Appraising the Direct Impacts of Aerosol on Climate (ADIENT)
Roy Grainger(1), James Allan(2), Helen Brindley(3), Ken Carslaw(4), Hugh Coe(2), Maria Frontoso(4), Alexandros Georgiadis(3), Eleanor Highwood(5), Haiyan Huang(1), Brian Kerridge(6), Will Morgan(2), Megan Northway(5), Gordon McFiggans(2), Gavin McMeeking(2), Caroline Poulsen(6), Richard Siddans(6), Andy Smith(1) and Gareth Thomas(1)
(1) University of Oxford, Clarendon Laboratory, Oxford, OX1 3PU, United Kingdom
(2) University of Manchester, Oxford Road, Manchester M13 9PL, United Kingdom
(3) Imperial College, Prince Consort Road, London SW7 2BZ, United Kingdom
(4) University of Leeds, Woodhouse Lane, Leeds LS2 9JT, United Kingdom
(5) University of Reading, White Knights Road, Reading RG6 6BB, United Kingdom
(6) Rutherford Appleton Laboratory, Chilton, Didcot, OX11 0QX , United Kingdom
Aerosols are one of the greatest sources of uncertainty in interpretation of climate change of the past century and in the projection of future climate change (IPCC, 2001; Ramanathan et al., 2001). ADIENT is a three year project whose aim is to estimate, with a reduced uncertainty compared to earlier studies, the direct effect of atmospheric aerosol on the Earth’s radiation balance. The project will deliver:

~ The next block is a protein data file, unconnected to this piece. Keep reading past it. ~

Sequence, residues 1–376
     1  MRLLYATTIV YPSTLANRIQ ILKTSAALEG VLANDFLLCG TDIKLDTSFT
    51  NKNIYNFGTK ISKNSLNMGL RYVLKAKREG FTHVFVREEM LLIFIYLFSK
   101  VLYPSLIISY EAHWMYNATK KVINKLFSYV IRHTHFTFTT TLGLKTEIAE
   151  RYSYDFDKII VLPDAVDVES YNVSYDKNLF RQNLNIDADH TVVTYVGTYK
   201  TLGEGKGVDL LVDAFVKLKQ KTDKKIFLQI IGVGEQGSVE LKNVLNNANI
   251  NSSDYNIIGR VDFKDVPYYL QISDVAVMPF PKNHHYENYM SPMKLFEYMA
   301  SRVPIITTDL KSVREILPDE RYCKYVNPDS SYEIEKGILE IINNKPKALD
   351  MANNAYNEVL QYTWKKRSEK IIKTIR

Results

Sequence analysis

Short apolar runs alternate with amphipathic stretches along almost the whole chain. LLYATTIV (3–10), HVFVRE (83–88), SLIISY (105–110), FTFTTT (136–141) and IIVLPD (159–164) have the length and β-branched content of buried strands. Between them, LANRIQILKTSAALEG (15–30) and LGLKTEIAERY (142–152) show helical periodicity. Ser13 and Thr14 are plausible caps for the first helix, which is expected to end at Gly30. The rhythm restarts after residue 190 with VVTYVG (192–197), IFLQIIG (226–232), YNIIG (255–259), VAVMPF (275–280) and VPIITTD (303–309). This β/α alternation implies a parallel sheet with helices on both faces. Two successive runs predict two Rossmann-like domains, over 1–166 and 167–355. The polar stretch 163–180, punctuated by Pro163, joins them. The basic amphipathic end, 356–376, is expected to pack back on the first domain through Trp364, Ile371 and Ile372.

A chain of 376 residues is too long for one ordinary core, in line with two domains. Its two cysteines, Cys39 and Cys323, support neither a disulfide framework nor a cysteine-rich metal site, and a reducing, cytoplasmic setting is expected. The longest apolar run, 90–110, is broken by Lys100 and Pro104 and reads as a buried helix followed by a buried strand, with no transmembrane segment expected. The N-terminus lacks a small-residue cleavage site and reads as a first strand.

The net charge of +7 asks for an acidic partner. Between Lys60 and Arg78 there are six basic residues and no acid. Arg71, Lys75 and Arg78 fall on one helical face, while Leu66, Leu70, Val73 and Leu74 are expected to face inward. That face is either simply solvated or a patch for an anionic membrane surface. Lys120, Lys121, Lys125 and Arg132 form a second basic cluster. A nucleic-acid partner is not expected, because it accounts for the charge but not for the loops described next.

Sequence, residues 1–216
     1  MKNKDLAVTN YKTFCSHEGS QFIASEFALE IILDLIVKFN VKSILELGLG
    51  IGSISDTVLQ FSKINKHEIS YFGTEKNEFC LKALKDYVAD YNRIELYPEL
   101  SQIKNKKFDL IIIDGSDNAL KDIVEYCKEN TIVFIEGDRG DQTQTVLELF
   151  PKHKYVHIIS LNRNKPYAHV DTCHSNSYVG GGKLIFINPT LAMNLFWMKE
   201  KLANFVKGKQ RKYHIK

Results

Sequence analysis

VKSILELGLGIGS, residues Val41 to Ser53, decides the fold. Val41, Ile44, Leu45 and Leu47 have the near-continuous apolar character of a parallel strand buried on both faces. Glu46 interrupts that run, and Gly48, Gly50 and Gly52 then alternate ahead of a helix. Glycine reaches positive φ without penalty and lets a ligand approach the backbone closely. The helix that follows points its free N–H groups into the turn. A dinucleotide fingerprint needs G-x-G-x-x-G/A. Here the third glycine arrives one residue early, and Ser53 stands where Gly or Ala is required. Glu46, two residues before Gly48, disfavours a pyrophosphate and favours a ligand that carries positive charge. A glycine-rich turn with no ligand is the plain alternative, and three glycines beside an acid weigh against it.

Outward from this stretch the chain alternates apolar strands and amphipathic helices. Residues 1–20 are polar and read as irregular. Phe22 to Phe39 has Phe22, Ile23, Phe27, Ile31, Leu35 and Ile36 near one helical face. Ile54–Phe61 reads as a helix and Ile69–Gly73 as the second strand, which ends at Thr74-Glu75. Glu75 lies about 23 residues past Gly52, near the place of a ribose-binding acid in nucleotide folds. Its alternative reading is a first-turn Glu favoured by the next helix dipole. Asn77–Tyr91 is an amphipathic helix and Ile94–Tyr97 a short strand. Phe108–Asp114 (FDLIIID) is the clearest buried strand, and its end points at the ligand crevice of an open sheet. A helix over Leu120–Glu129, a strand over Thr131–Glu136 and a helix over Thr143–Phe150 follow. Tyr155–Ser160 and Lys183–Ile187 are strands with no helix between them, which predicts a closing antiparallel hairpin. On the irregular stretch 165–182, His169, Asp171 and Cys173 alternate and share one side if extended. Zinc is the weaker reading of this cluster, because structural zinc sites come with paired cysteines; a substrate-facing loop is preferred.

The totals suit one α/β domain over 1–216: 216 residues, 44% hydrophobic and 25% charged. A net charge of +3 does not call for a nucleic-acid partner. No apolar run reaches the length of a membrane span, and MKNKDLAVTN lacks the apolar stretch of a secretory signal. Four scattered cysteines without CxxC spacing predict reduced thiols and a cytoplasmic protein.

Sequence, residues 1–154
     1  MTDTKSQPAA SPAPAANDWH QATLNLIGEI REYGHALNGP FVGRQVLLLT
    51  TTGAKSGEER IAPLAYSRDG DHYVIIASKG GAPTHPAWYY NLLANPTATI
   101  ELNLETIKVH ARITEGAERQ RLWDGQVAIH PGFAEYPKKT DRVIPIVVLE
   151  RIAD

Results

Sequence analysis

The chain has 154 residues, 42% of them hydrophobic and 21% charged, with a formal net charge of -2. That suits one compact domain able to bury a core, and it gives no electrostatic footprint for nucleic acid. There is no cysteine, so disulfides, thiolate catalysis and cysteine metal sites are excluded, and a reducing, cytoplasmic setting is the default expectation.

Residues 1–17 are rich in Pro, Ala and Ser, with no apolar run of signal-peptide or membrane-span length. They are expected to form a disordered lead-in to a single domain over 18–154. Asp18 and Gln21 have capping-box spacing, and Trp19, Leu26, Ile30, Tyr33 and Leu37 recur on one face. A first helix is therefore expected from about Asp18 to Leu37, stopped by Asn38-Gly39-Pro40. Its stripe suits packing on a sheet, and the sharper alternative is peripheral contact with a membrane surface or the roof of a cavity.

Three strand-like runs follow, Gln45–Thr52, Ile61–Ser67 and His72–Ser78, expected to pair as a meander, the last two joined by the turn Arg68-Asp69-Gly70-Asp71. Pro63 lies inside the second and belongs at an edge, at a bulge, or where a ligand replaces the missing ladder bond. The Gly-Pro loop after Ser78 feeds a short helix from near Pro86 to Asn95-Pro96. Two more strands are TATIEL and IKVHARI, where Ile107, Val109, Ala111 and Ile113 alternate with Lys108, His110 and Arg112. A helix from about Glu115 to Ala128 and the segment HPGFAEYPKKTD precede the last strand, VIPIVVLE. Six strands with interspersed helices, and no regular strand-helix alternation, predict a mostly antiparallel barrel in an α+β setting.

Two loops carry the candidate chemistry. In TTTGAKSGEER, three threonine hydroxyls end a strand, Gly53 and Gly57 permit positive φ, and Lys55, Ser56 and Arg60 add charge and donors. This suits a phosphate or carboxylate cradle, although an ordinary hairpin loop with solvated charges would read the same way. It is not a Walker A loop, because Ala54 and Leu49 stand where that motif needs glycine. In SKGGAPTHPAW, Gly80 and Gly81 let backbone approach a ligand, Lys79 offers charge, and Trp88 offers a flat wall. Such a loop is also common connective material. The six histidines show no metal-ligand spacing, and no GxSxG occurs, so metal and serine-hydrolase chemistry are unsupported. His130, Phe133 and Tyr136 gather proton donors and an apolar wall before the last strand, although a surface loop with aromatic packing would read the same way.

• new FAAM measurements of the physical, chemical and optical properties of aerosol over the UK and Europe,
• a comprehensive description of the spatio-temporal evolution of anthropogenic aerosol, in particular the single scatter albedo,
• an assessment of the radiative impact of anthropogenic aerosol,
• a comprehensive description of the physical properties of key aerosol types,
• an assessment of the aerosol radiative forcing split into the natural and anthropogenic contribution both regionally and globally.
This is being achieved through a combination of aircraft measurement, modelling and satellite measurement studies. Here early results from the ADIENT consortium are presented.